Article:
Curacao Gaming Control Board Plans New E-Gaming Licensing Policy
The Curacao Gaming Control Board (CGCB) plans stricter oversight of its online gambling licenses in 2019, according to a report in Antilliaans Dagblad, a local Dutch-language media outlet. Previously, the Ministry of Justice oversaw Curacao’s online gambling license holders.
The CGCB is a part of the Ministry of Finance, which regulates the land-based gaming operations in the island nation. Curacao’s officials decided a single regulator for all gaming made sense.
In that circumstance, a department known for financial oversight made more than a law enforcement entity.
In the Antilliaans Dagblad piece, Kenneth Gijsbertha, Curacao’s Minister of Finance, said the decision provides a “uniform regulator of games of chance” for all gaming in the country. The official noted the combined regulator would oversee “all games of chance offered on or from Curacao.”
Curacao: Kingdom of Netherlands
From 1954 to 2010, Curacao, Sint Maarten, and Aruba were part of the Netherlands Antilles. Along with the Netherlands itself, all three have been “constituent countries” under the Kingdom of the Netherlands.
As a constituent state, Curacao holds administrative jurisdiction over the island and has a regional government. In short, Curacao remains a part of the Kingdom of the Netherlands, but has widespread local autonomy. That extends to online and land-based gaming regulation.
Dutch MPs Complain about Gaming Oversight
Back in the home country, Dutch legislators long have complained that Curacao’s officials have licensed gaming sites which accept Dutch players without the approval of gaming regulators in the Netherlands. Kenneth Gijsbertha said the actions of some online gaming sites licensed in Curacao “seriously detracts from the international image of Curacao.”
As the head of the government department charged with oversight, Kenneth Gijbertha said he would take measures to sanction or eliminate “illegal providers.” The Finance Minister said such companies pose “a threat to society”, because they encourage problem gambling with little to no oversight.
Ronald Van Raak Criticizes Curacao Licensing
Dutch MP Ronald Van Raak has been a steady critic of the Curacao licensing system. Recently, Van Raak told the Curacao Chronicle that the government’s lax licensing system “does not yield anything for ordinary people on Curaçao, but it does pose a threat to the political stability of the island.”
Van Raak said the “multibillion” dollar online gambling industry is out of control, at least when it is licensed by small islands in the Caribbean. The Dutch member of parliament praised Kenneth Gijbertha’s recent announcements.
Gijbertha, the man who will be overseeing the CGCB, said the rogue online gambling sites “do not contribute to the coffers” of his government, but instead “constitute unfair competition to legally operating providers”. One might think Curacao collects fees and taxes from licensing online casinos and poker sites, but the “e-Gaming sub-license” system has come under fire.
Curacao’s e-Gaming Sub-License
Under the current system in Curacao, the e-Gaming sub-license allows licensees to gain an online gambling license with a small fee, relatively little oversight, and no taxes collected. A company called Fast Track offers online casino operators the “Fast-Track Online Gambling Licensing Program“, which claims to provide a license to applicants within 48 hours.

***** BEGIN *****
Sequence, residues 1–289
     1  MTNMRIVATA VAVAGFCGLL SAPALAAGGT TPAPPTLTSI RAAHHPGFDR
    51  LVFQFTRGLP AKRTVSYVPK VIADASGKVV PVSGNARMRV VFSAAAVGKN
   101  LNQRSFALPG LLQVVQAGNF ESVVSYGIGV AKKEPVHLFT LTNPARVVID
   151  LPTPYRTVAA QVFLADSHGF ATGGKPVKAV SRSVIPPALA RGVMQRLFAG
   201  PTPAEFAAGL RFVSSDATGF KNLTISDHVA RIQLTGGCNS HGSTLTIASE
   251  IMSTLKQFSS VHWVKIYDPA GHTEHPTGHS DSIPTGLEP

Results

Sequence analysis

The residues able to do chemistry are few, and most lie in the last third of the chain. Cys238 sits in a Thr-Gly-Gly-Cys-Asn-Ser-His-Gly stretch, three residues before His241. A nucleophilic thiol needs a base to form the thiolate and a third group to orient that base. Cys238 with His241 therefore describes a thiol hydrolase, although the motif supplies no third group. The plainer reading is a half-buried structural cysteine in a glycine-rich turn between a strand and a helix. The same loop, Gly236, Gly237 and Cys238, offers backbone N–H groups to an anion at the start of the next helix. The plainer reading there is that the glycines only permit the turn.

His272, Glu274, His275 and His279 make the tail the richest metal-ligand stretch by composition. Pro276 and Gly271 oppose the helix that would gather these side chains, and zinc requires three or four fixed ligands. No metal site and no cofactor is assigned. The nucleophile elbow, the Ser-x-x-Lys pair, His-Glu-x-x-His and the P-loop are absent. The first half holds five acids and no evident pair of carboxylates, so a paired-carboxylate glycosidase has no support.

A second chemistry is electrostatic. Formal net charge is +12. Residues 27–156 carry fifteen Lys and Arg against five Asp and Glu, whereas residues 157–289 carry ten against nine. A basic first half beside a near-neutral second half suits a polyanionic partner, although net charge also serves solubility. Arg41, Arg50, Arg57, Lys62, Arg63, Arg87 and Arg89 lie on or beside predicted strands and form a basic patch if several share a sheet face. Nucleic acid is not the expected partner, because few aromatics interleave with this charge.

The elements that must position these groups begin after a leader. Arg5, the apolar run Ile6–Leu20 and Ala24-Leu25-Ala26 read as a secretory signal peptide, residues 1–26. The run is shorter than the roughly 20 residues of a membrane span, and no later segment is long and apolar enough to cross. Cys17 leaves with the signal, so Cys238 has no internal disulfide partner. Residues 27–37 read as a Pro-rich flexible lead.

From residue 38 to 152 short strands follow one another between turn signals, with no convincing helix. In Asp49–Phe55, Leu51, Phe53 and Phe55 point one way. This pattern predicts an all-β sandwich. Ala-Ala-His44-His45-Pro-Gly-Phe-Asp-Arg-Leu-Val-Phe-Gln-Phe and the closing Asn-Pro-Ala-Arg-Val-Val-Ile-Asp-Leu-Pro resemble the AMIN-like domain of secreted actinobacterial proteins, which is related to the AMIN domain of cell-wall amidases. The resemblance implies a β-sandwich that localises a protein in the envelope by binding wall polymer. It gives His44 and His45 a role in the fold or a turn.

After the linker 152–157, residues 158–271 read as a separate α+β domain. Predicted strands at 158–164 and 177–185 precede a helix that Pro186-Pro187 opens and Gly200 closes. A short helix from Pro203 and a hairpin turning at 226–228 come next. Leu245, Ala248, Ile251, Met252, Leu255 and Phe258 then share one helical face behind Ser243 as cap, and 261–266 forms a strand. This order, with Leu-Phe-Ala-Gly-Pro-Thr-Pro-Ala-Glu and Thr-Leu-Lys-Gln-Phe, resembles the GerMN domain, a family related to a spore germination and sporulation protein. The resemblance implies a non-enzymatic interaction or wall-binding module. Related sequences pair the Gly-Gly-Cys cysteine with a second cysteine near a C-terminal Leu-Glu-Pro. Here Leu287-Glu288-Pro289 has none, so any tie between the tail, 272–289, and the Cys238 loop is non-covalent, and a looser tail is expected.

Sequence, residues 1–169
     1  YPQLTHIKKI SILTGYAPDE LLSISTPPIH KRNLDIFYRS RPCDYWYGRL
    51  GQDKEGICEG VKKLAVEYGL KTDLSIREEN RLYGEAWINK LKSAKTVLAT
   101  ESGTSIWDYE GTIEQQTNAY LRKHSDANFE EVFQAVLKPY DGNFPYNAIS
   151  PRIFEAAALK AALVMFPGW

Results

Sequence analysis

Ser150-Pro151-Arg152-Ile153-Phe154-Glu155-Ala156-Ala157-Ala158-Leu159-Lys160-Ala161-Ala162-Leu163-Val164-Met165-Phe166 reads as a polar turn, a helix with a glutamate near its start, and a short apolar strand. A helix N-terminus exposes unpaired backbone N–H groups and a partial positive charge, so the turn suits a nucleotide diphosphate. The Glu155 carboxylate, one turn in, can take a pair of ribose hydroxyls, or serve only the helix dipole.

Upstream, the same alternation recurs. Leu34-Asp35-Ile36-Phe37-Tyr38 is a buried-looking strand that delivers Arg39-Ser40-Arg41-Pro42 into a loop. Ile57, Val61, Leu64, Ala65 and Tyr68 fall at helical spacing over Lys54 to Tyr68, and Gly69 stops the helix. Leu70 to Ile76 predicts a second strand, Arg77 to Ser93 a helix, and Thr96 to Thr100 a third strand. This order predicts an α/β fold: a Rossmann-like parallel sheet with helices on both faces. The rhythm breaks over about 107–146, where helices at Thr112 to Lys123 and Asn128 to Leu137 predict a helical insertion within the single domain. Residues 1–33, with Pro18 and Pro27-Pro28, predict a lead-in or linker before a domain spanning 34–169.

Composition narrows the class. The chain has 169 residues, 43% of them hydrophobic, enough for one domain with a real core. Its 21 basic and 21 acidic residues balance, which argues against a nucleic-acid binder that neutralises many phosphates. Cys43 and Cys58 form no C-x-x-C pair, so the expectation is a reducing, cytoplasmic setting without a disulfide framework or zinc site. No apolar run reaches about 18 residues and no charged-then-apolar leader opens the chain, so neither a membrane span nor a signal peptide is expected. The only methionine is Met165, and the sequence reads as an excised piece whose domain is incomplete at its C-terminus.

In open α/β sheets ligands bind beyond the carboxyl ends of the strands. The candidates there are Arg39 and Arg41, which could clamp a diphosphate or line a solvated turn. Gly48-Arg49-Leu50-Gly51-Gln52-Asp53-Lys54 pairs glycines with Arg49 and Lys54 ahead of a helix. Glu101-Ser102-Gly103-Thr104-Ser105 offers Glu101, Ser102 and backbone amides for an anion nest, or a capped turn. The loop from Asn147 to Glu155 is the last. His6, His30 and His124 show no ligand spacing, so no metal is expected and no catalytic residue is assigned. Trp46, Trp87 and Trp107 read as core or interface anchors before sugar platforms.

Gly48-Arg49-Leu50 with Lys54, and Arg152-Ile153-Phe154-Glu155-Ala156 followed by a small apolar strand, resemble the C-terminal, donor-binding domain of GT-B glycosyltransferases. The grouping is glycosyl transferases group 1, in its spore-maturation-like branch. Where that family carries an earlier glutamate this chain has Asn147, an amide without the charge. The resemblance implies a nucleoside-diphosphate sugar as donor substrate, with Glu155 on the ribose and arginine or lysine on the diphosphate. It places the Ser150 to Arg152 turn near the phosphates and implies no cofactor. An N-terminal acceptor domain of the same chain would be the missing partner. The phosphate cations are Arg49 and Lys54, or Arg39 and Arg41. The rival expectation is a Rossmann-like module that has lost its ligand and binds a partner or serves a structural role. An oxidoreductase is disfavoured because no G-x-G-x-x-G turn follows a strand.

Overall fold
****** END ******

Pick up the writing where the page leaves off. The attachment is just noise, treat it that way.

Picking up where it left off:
Of course, online gambling licensing has been a key source of income for a government which governs a population of 160,000 people. Curacao’s government oversees what would be a population the size of a mid-sized city in the United States, so gaming receipts did not have to be large to make a noticeable impact on the budget.
Curacao’s Gaming Control Board
Curacao’s officials knew if they increased taxes too high or provided rigid oversight of the gaming sub-licenses, those operators would find another small country somewhere around the globe to license their casino sites. Antigua and Barbuda once was a leader in the e-gaming industry, but the United States sought sanctions against Antigua that cripped its online gambling industry.
Many of those license holders moved to Curacao. In the past 10 years, Curacao became a top licensing agency, especially for companies which served the US unregulated online casino and poker industries. Over the years, the lax licensing process became known to operators around the globe.
It caused problems, such as when the dozen or so Revenue Jet and Affactive Media online casinos claimed they had licensing from Curacao. In one case, CasinoMeister called Curacao’s minister of finance to verify one of the company’s casinos was licensed by the island, only to learn the regulators had never heard of such an operator. Still, claiming a license from Curacao was plausible, which is why the rogues from Revenue Jet/Affactive Media chose Curacao as its licensing authority.
What Happens to Curacao’s Gaming Sites?
If Kenneth Gijsbertha’s new stated policy takes effect, one can expect to see fewer online gambling licenses from Curacao. Those license holders might move their business to Panama or Costa Rica, which have become hubs of licensing in recent years.
At What Price, Honor?
While the new policies might cause some operators to change their policies and it certainly could help Curacao’s reputation back on the continent of Europe, it probably will not bring more money to Curacao’s coffers. If anything, the constituent country will generate less cash from online gambling.